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Legendary music industry executive Jimmy Iovine has been issued a summons by an anonymous plaintiff who has accused him of sexual abuse.

According to Variety, the summons was filed last week in the Supreme Court of the State of New York County. And while the filing doesn’t go into much explicit detail regarding what Iovine is accused of doing exactly, it claims the plaintiff listed as “Jane Doe” has “suffered as a result of being sexually abused, forcibly touched, and subjected to sexual harassment and retaliation in violation of anti-discrimination laws in or around August 2007.”

Meanwhile, a spokesperson for Iovine not only denied the allegations, but they told Variety it was the first time they had heard them.

“We are quite shocked and baffled by this alleged claim,” the spokesperson said. “This inquiry is the first we’ve heard of this matter. No one has ever made a claim like this against Jimmy Iovine, nor have we been contacted or made aware of any complaint by anyone, including this unknown plaintiff prior to now.”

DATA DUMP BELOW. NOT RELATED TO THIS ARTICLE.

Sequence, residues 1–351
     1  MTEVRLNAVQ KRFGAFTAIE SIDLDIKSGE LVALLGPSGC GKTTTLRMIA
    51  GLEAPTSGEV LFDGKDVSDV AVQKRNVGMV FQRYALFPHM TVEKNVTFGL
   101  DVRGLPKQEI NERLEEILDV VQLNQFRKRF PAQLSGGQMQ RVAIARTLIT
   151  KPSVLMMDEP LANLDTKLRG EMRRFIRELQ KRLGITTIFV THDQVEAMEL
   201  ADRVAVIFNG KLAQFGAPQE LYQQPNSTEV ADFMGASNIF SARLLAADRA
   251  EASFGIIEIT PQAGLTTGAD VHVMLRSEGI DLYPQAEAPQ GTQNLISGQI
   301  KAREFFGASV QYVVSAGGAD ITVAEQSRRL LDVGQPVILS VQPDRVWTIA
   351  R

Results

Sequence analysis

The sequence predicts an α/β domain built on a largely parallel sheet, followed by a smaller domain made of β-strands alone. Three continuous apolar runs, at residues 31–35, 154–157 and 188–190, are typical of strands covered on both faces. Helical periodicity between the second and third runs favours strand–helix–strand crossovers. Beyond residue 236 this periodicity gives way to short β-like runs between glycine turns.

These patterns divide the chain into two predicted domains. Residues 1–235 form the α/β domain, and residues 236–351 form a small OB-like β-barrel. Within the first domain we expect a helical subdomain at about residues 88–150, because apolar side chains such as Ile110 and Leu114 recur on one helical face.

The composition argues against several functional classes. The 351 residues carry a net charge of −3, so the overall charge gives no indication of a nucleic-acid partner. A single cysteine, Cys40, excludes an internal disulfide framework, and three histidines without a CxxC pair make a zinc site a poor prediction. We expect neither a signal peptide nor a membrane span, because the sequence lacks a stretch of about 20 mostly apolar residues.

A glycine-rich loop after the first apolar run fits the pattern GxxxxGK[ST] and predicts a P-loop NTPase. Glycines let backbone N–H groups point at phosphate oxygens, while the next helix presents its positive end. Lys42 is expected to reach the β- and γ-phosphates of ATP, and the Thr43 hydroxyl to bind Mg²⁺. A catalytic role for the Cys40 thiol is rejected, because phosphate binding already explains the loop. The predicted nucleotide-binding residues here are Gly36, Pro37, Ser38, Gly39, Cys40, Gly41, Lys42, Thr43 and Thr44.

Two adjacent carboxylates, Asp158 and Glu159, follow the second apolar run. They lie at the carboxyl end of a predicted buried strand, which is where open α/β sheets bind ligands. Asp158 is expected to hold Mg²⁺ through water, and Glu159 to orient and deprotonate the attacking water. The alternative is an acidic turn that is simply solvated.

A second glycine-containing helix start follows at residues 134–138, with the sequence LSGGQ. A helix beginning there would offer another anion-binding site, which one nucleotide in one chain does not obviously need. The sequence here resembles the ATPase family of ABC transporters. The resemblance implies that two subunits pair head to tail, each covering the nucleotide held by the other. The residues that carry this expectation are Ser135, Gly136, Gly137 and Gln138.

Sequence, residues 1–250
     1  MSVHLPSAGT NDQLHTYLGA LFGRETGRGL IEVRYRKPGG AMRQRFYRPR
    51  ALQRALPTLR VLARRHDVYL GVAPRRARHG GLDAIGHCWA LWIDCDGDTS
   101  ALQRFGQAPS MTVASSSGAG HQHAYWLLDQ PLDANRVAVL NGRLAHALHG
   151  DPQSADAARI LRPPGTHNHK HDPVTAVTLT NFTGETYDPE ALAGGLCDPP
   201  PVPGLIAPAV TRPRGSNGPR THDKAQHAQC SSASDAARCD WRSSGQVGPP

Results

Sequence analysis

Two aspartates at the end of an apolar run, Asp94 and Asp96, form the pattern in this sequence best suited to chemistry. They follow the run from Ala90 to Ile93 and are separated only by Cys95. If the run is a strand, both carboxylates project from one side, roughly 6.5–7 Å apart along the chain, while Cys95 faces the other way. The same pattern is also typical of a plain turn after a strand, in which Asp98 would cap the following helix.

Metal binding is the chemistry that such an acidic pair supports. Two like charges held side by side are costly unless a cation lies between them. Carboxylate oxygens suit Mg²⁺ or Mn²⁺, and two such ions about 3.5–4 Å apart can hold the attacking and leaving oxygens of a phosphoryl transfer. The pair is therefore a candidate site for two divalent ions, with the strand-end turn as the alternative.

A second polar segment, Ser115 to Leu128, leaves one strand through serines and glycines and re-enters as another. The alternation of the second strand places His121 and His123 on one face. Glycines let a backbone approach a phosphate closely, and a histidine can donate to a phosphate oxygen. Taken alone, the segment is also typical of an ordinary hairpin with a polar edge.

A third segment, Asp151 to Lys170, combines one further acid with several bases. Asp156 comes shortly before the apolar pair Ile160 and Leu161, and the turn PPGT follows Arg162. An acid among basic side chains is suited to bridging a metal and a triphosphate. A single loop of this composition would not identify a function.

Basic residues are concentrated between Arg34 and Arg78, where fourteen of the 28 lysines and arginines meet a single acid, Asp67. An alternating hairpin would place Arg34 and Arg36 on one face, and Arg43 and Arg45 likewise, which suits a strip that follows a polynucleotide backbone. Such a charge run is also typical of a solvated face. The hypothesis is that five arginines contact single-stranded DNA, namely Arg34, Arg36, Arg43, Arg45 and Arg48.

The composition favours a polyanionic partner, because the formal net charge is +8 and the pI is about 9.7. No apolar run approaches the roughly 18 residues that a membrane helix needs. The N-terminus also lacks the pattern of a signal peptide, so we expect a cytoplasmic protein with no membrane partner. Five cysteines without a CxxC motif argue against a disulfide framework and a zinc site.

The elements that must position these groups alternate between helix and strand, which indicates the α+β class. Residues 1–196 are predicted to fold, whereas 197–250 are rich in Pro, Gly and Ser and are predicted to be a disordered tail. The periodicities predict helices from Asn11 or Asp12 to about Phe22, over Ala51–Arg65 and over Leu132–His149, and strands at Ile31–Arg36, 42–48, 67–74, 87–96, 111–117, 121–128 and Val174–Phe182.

The accuser’s summons comes just before the window closed last Friday for plaintiffs in New York State to file sex abuse lawsuits even after the statute of limitations had expired under the Adult Survivors Act. According to the New York Times, more than 3,000 civil suits had been filed before the window expired. Those suits included filings against former NY Gov. Andrew Cuomo, NYC Mayor Eric Adams, music mogul L.A. Reid, rockstar Axl Rose, and, most notably, Sean “Diddy” Combs, who settled his suit filed by singer and ex-girlfriend Cassie just one day after the news broke.

From Variety:

According to the court document, Doe is asserting claims pursuant to inter alia, New York common law for assault and battery; the New York City Victims of Gender-Motivated Violence Protection Act; and the New York City Human Rights Law. Attorneys are seeking compensation to be determined at trial, including for punitive damages, inter alia physical injury and more. Iovine is required to serve a notice of appearance or demand for complaint within 20 days after the summon’s servicing, or 30 days after service is complete if the summons isn’t delivered personally to him in New York.